While looking for new reports of rabid bats last week, I found an interesting new posting on Los Angeles County Veterinary Public Health’s website dated Oct. 16, 2018. Titled “Cannabis and Pets,” it is reported in its entirety at publichealth.lacounty.gov/vet/CannabisAndPets.htm
The most important point is that pets have been known to have toxic reactions when ingesting cannabis. Toxic symptoms are most often seen following ingestion of cannabis or cannabis products, but secondhand smoke inhalation can also be harmful.
Here are some highlights of the report:
Cannabis is still illegal for use in veterinary medicine in California, just as it is under federal law.
Hemp is specifically not approved by the FDA for use as an ingredient in animal food, products or pharmaceuticals.
Pet products may be labeled as made from “hemp,” since it is a cannabis species plant, as is marijuana.
Very little research exists on the safety, appropriate doses and effectiveness of cannabis given to pets.
While cannabis products may claim to have health benefits for pets, this has not been tested or confirmed by the Food and Drug Administration.
Therefore we have no guarantee of the purity or amount of the ingredients in products containing cannabis products.
Pets may be more sensitive to cannabis than humans.
THC (tetrahydrocannabinols) can decrease effectiveness of liver function in pets.
This report also states:
“The term ‘cannabis’ includes marijuana and hemp products. “Marijuana” refers to all parts of the cannabis plant, including the flowering portion, leaves, seeds, extracted resin, and any products derived from these parts. Marijuana often contains high levels of compounds called cannabinoids. The two main cannabinoids are tetrahydrocannabinols and cannabidiols. THC is a psychoactive compound that affects brain function and is what gives you the “high”. Recreational marijuana often contains high levels of THC. CBD is a non-psychoactive compound and is found in higher levels in medical marijuana. Cannabis products come in a variety of forms, including edible products (e.g. candy, cookies), plant products (e.g. leaves, cigarettes), and oil/butter.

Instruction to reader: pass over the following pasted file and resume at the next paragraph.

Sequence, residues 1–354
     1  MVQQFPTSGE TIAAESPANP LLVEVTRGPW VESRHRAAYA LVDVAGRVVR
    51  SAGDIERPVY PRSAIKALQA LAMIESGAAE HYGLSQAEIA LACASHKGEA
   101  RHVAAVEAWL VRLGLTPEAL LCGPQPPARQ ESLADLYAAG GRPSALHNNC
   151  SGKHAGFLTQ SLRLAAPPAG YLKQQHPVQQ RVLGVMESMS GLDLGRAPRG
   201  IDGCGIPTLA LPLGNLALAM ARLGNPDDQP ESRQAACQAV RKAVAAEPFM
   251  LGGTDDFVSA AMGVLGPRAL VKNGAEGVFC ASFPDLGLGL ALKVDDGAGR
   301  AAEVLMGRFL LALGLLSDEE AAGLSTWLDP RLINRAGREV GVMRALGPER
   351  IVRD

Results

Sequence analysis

“The most common signs of cannabis toxicosis include: lack of balance and coordination, disorientation, slow heart rate, dilated pupils, sensitivity to light and sound, and dribbling urine. Other signs of cannabis toxicity may include: excessive drooling, seizures, vomiting, and lethargy.
“If your pet ingested cannabis or cannabis products, or if your pet is showing signs of cannabis toxicosis, contact your veterinarian right away. In situations of cannabis toxicity, it is important to take your pet to a veterinary hospital immediately. Be honest with your veterinarian about what cannabis products your pet has been exposed to or has ingested. Failure to do so can make it difficult to correctly diagnose your pet and will delay appropriate treatment.”
Pet owners may now make anonymous reports of instances of cannabis toxicity in pets to the Los Angeles County Veterinary Pubic Health program via a survey posted at www.surveymonkey.com/r/VRSMYX3
The surveys will be used to help clarify the safety of giving Cannabis products to pets, and to develop the most effective treatments in case cannabis toxicity occurs.
Give help to animals evacuated in wildfires
Due to the large number and scattered locations of both large and small animals evacuated during the current wildfires, giving money is the best way to help. This allows the involved agencies to arrange delivery directly to the animal shelter locations that are in need.
To Read The Rest Of This Article By Valerie Zera on Antelope Valley Press
Published: November 23, 2018
Founder & Interim Editor of L.A. Cannabis News